Tuesday, July 15, 2008

C-C bond forming by Si-C cleavage

J. Org. Chem., 61 (20), 6901 -6905

Carbon-carbon bond formation is often considered the most difficult challenge in synthetic organic chemistry, and new or improved solutions to carbon-carbon bond-forming reactions are continuously being sought. One of the most useful categories of reagents for this purpose is the organometallic carbon nucleophiles, including organolithium, organomagnesium, and organocopper compounds.1 Unfortunately, these reagents do have limitations. Since they are extremely strong bases as well as potent nucleophiles, their use with base sensitive substrates is precluded. Organolithium and -magnesium reagents are incompatible with halo, nitro, and cyano functionalities. Finally, benzylic and allylic organometallics are notoriously difficult to generate and prone to homocoupling.1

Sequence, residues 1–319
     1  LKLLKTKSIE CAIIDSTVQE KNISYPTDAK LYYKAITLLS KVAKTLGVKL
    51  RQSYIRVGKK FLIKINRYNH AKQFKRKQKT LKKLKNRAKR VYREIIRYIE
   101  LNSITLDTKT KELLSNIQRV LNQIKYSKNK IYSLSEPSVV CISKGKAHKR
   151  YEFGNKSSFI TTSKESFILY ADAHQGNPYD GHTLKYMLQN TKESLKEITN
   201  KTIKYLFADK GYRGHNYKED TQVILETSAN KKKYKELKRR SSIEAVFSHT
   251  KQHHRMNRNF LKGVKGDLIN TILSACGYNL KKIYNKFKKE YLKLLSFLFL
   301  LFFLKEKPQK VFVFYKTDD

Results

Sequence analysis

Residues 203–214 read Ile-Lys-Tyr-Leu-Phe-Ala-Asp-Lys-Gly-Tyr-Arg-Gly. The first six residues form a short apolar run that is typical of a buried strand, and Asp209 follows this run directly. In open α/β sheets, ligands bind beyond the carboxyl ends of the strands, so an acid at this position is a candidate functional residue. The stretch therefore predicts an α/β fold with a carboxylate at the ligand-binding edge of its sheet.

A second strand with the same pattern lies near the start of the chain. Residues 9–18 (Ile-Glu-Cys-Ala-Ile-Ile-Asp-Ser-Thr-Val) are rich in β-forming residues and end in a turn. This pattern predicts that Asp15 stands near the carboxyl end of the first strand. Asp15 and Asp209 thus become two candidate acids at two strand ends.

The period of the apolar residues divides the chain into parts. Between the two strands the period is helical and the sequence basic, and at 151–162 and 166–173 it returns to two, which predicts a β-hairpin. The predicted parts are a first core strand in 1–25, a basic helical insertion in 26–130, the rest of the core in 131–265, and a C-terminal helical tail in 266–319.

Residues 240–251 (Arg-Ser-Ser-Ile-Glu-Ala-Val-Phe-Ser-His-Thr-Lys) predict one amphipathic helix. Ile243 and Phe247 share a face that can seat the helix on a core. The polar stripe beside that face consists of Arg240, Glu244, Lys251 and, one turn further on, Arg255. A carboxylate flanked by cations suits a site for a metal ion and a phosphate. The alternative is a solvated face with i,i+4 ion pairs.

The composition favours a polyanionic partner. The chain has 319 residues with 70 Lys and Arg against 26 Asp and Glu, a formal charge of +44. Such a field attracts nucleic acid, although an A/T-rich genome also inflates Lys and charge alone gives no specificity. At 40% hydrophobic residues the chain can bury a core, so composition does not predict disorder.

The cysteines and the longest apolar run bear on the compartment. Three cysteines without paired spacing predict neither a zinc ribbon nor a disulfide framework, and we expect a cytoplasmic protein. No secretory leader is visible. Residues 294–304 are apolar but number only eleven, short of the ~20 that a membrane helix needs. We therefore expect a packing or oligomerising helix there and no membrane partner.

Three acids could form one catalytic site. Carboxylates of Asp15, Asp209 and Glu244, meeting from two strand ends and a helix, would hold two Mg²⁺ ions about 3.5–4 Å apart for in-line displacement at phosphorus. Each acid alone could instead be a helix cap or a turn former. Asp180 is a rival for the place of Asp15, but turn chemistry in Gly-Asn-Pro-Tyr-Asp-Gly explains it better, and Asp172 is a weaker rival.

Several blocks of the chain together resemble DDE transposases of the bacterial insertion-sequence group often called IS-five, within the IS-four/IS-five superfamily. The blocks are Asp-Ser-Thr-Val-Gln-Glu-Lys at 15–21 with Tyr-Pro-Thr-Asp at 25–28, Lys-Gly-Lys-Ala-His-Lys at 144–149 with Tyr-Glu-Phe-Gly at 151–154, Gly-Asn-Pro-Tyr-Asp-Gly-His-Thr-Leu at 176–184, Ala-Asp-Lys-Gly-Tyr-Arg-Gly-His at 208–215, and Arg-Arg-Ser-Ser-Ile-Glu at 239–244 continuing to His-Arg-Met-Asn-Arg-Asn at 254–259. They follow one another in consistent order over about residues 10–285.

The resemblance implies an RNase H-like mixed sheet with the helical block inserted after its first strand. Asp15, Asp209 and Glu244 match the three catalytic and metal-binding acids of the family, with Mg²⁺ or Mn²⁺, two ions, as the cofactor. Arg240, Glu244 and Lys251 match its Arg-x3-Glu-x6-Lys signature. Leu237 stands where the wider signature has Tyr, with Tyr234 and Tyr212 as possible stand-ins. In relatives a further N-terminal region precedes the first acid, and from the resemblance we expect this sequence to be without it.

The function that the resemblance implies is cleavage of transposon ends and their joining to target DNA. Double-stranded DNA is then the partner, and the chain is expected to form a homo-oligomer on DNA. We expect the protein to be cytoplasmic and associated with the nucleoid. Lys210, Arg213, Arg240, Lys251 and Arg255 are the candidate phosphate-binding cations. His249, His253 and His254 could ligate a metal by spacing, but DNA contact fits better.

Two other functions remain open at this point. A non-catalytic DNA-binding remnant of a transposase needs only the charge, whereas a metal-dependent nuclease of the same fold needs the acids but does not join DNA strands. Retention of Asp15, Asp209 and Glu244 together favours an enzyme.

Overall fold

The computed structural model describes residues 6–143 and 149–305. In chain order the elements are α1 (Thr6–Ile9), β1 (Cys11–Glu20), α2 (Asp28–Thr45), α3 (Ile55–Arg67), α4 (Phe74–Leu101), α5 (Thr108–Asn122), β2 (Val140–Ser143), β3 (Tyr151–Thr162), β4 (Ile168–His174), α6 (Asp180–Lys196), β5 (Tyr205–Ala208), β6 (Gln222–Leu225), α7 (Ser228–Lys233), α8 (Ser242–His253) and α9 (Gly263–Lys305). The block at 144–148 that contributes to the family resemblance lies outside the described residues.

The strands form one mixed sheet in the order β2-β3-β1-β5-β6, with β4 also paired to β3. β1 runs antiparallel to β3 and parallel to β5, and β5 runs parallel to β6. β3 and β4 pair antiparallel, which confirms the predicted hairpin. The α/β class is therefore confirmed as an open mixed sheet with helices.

An alternative methodology that circumvents these limitations is the generation of stabilized carbanions or carbanoids by cleavage of silicon-carbon bonds using fluoride anion.2 The most commonly used fluoride source for this purpose is tetrabutylammonium fluoride (TBAF). The superiority of tetrabutylammonium triphenyldifluorosilicate (TBAT) to TBAF as a fluoride source for nucleophilic fluorination3 is described.

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